In college, any time your feelings were hurt, you were a victim. If you were challenged, the challenger was a “bigot” and you were the poor person who had their feelings hurt. Here in the real world, we expect you to be challenged and to understand that humility is just as important as bravado. Selflessness is more important that selfishness. The content of who you are as a person is more important than the color of your skin or your socio-economic background or your sex or your weight or your religious affiliation.”

That’s a wonderful sentiment, that last line especially. Most reasonable people would agree with it. But you see, the thing is that legitimately victimized people generally don’t want to be victimized. Bigotry, sexism, racism these are all things that are embedded within social structures that have existed for a long time, and when college students get upset about it, spread awareness and organize rallies or protests, they’re not just ‘getting offended’.

These kids are taking their passion and energy and applying it to something in the hopes that they’ll change the world for the better. They are demonstrating the exact kind of initiative and go-getter attitude that employers say they like. You can’t say that these are the exact same kids who are entitled, lazy, and not willing to work for what they want.

“5. Success Is Hard Work

We’re not going to give you five breaks a day. You’re going to have to work nights and weekends from time to time. You want to make “the big bucks”?  Then consider a nine-hour workday to be a part-time job. You’re most likely NOT going to graduate college and find a six-figure job. Hell, you’re going to be lucky if you find ANY job … and you should be grateful when you find it. Grateful … and prepared to work like a maniac to get ahead.”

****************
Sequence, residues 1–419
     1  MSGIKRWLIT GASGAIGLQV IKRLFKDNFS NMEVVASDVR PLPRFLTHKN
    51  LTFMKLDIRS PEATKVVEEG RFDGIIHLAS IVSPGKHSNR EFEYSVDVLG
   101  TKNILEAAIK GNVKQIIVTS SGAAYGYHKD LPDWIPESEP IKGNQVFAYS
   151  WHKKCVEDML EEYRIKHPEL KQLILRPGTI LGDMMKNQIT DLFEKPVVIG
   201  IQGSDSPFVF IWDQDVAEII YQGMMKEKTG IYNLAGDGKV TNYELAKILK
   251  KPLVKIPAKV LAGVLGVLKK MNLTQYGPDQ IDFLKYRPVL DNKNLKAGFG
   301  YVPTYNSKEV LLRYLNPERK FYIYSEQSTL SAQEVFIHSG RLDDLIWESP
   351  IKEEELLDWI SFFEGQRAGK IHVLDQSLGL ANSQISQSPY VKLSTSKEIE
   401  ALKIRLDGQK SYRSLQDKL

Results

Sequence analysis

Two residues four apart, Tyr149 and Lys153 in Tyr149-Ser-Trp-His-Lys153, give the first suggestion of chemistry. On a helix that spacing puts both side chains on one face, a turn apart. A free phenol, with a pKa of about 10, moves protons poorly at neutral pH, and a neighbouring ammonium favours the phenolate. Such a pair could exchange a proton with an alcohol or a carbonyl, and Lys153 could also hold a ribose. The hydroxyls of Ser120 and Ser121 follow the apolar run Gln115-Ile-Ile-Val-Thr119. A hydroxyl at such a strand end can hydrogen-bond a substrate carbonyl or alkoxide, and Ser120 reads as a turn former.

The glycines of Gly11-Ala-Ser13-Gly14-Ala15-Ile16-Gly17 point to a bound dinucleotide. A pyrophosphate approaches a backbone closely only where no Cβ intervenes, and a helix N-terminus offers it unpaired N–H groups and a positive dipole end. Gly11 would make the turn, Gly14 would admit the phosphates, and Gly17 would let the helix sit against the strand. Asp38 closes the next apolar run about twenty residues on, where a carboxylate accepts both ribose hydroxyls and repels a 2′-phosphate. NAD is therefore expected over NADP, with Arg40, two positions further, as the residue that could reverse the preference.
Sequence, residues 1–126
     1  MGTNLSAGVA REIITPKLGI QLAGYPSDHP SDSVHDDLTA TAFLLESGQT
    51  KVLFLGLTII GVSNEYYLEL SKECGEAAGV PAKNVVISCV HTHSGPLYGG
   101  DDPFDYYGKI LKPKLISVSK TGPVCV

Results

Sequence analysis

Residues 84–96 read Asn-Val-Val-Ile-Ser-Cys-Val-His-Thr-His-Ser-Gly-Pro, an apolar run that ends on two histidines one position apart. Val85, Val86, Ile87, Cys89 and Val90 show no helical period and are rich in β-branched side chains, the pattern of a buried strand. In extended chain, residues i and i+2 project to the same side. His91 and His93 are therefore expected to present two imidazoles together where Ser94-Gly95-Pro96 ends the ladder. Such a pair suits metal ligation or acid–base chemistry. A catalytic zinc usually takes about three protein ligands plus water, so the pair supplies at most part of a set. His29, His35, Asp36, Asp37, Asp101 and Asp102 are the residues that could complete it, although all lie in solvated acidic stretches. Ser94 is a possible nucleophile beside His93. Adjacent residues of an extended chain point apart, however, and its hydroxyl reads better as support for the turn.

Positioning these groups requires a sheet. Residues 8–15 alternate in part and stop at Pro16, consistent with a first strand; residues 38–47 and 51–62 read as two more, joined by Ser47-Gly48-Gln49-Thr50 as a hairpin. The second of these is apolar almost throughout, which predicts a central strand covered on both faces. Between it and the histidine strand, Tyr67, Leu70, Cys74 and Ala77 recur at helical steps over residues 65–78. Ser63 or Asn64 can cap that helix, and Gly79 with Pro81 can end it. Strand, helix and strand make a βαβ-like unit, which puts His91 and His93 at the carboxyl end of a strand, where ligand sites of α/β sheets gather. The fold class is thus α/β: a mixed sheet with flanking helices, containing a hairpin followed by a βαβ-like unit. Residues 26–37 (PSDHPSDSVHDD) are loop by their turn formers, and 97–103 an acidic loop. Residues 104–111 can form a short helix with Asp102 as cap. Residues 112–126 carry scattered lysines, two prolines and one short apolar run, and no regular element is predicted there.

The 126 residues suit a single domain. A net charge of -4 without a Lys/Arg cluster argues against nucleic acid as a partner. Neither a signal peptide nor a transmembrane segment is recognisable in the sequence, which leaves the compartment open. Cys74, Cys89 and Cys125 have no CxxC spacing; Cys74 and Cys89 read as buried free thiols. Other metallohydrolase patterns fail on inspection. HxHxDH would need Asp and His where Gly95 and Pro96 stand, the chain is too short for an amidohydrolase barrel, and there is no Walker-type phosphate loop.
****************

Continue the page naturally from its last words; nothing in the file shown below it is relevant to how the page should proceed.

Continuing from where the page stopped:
And I don’t necessarily disagree! Times can be very hard, and loads of times you just have to do work that you’re not a big fan of, for long hours and on weekends to get where you want to be. But I think a lot of people confuse ‘trying to get a fair deal’ with ‘entitlement’. You’ve said it yourself, the business world doesn’t give a damn about millennials. Who else is going to look out for them if not themselves? If a company makes you work extra hours that you don’t get paid for (and you’re not the owner of that company), how likely is it that the company is going to reward you for your hard work with more opportunities?

Now, if this hypothetical millennial does in fact suck at their job, then all righty, they have no right to negotiate these things. But when you’re brought up in a culture that repeatedly drums in your head that “the business world doesn’t care about you, the corporate machine will chew you up and spit you out and throw you under the bus as soon as its convenient for them, you can only rely on yourself in this world”, is it no wonder that some millennials are a little more aggressive in negotiating for what they believe to be fairer work circumstances?

I can see how an employer might interpret that as entitlement (especially because you’re receiving the short end of this arrangement), but to me that seems like a natural effect of American corporate culture.

So, to close, I can’t speak on certain terms about the growing entitlement of the youth of the USA. It may be happening, but in my opinion it’s pretty much a “our youth are degenerates” narrative that’s been told since the time of the Ancient Greeks.

What I can say is that your letter, unintentionally or not, perpetuates certain harmful and counter-productive attitudes about millennials, ones that aren’t necessarily true. I don’t know if you’ll ever see this, Mr Reyes, but I hope you do and let me know what you think. A discourse would be very interesting.